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COCOA GROWERS’ COLLABORATION PLAN MET WITH SCEPTICISM

COCOA GROWERS’ COLLABORATION PLAN MET WITH SCEPTICISM



Plans by Côte d’Ivoire and Ghana to coordinate cocoa exports in a bid to avoid oversupply and prevent cocoa prices from slumping as they did in 2017 have met with scepticism.

As Commerzbank Research noted recently, as the result of a record-high supply surplus, the price plunged at the time to a 10-year low in New York and to a six-year low in London.

The low prices generated painful income losses for cocoa farmers and put a heavy burden on national coffers.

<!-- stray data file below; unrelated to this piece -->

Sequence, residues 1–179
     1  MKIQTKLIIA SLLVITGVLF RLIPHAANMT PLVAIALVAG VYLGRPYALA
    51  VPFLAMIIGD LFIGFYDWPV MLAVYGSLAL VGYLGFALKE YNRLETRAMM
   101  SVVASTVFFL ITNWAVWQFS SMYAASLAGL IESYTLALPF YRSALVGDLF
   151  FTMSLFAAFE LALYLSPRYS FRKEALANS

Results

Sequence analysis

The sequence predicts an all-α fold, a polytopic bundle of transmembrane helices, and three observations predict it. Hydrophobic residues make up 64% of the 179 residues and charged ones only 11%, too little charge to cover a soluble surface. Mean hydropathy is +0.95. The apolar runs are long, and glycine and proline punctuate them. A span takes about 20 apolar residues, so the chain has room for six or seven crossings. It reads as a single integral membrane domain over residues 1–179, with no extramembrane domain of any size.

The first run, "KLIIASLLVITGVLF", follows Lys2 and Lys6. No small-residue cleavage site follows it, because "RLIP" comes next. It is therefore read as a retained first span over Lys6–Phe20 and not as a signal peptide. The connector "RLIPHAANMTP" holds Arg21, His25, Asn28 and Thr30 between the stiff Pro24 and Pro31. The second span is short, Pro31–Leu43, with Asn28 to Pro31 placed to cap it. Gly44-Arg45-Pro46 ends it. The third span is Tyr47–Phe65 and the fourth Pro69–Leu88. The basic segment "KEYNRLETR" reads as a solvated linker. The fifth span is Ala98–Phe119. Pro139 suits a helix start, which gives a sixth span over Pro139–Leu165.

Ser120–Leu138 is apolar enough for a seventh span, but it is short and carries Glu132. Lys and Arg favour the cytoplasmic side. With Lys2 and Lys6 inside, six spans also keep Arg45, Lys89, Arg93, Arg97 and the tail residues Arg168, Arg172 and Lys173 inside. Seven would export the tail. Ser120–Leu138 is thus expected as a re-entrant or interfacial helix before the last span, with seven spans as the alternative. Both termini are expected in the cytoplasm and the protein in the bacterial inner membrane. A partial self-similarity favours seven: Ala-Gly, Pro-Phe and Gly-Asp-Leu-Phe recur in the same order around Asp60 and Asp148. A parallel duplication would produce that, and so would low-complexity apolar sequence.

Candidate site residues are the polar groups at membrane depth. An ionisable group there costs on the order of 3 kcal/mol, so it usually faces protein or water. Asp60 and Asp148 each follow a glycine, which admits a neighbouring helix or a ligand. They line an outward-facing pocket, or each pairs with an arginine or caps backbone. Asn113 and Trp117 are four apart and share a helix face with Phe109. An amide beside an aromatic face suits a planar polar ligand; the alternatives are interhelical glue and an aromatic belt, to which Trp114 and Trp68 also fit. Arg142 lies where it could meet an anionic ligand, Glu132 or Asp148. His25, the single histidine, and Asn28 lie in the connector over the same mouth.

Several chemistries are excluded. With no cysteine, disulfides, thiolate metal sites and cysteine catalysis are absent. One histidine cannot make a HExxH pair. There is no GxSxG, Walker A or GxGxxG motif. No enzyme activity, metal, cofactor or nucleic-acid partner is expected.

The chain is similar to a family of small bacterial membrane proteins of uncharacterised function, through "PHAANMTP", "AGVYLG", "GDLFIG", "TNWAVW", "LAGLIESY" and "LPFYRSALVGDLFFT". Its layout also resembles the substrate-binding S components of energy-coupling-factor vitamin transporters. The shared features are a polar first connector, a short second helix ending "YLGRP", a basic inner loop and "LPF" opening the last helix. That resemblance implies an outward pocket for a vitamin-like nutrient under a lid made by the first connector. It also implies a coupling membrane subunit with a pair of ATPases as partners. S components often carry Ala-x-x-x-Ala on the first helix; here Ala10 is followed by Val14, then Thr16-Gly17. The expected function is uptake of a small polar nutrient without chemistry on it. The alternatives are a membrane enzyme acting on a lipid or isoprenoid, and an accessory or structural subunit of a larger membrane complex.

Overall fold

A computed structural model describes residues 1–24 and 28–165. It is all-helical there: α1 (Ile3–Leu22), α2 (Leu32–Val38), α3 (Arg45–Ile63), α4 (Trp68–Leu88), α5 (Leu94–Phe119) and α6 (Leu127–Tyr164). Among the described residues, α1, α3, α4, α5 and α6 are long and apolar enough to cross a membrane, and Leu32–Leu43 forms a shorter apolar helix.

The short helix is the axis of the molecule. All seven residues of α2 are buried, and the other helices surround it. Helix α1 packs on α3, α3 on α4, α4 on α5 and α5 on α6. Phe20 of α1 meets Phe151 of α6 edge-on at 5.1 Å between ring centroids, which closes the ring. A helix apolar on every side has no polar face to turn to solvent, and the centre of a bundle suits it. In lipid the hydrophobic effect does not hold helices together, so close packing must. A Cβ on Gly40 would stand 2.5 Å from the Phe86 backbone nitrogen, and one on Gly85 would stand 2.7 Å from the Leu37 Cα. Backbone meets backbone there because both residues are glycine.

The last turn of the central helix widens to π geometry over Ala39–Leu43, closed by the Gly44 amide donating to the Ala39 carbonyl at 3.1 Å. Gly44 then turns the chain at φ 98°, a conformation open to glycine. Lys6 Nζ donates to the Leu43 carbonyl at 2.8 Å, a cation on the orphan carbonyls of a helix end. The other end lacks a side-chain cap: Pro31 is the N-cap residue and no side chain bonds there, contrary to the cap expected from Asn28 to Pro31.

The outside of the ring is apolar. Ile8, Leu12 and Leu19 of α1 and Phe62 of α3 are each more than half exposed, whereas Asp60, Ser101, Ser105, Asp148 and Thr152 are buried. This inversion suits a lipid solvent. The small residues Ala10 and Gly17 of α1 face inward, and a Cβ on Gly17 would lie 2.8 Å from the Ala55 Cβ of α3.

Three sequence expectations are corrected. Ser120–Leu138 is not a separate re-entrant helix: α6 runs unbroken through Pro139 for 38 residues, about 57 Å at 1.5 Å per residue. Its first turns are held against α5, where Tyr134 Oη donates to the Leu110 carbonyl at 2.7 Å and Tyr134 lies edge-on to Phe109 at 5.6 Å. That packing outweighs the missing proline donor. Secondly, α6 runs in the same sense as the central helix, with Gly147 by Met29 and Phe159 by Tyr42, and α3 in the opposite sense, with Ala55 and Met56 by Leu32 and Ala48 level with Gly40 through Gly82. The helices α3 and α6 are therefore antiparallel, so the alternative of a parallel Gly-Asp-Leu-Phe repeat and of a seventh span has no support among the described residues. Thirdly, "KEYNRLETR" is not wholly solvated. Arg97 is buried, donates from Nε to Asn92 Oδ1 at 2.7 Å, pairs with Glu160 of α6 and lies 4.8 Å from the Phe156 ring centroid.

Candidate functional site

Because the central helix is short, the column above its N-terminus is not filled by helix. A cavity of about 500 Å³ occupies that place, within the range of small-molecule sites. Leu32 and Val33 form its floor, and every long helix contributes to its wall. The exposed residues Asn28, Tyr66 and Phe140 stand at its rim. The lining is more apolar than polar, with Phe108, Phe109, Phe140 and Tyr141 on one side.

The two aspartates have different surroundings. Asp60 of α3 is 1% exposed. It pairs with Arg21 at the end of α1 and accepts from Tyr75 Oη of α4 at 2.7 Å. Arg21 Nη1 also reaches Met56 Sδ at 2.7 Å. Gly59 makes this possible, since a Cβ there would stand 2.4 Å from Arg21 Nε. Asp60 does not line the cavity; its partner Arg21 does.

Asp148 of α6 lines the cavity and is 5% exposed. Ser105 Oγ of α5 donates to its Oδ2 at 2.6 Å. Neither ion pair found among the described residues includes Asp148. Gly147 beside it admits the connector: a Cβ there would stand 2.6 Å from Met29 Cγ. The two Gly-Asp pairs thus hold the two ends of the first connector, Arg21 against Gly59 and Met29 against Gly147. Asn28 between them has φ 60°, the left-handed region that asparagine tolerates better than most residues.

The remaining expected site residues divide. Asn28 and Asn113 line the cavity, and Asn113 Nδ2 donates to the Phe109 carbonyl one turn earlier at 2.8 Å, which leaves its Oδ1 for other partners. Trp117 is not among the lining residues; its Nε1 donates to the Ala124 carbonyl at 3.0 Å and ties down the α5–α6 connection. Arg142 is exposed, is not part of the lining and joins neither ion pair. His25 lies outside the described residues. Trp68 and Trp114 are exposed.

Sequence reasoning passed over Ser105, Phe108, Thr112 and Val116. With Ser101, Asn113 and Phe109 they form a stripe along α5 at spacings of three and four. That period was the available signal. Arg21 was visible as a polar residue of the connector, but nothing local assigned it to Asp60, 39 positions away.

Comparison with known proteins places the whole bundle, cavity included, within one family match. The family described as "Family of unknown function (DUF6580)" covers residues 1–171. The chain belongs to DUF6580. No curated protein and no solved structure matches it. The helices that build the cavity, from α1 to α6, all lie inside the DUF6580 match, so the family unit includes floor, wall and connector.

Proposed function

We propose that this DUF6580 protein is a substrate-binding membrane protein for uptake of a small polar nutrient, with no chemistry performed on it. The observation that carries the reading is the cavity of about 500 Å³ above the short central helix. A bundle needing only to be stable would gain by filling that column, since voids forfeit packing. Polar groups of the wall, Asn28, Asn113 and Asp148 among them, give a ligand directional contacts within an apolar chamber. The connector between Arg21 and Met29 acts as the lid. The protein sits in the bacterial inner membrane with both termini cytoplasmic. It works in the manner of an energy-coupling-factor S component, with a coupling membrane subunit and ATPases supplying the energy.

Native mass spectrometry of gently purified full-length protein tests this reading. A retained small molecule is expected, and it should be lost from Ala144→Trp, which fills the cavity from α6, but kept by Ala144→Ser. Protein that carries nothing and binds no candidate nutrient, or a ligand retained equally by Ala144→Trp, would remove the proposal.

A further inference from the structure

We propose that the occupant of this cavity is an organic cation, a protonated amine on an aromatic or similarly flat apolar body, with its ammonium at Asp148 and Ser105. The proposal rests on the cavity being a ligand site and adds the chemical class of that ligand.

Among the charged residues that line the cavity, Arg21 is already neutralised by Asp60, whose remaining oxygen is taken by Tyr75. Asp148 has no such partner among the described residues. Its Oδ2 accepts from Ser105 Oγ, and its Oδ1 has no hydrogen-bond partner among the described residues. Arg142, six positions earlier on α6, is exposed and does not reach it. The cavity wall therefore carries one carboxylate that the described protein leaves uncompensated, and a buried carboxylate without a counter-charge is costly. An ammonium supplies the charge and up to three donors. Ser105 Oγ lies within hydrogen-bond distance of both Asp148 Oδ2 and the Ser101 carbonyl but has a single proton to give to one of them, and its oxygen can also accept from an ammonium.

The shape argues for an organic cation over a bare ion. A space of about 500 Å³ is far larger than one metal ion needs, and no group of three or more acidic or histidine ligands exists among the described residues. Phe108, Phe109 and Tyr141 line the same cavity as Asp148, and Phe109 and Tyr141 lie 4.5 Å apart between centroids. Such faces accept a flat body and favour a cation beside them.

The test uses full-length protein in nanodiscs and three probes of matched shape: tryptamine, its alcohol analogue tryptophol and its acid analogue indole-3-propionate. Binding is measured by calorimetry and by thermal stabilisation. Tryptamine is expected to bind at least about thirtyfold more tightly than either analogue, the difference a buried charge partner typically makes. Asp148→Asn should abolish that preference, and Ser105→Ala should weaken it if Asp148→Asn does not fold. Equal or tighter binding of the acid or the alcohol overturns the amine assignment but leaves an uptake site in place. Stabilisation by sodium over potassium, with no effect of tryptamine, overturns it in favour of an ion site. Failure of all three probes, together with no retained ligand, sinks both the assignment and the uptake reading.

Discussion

Côte d’Ivoire and Ghana combined account for around 60 per cent of global cocoa production, so they would seem to have scope to steer supply and prices in their best interests.

However, as Commerzbank also noted, there were a number of international agreements in the past aimed at stabilising revenues of cocoa-producing countries, and they did not achieve lasting success.

“The agreement that has been in place since 2010 is designed to reduce acreage so that 300,000 tonnes less cocoa are produced,” said Commerzbank. “The record-high global crop in 2016/17 looks like it will put paid to this attempt, too.”

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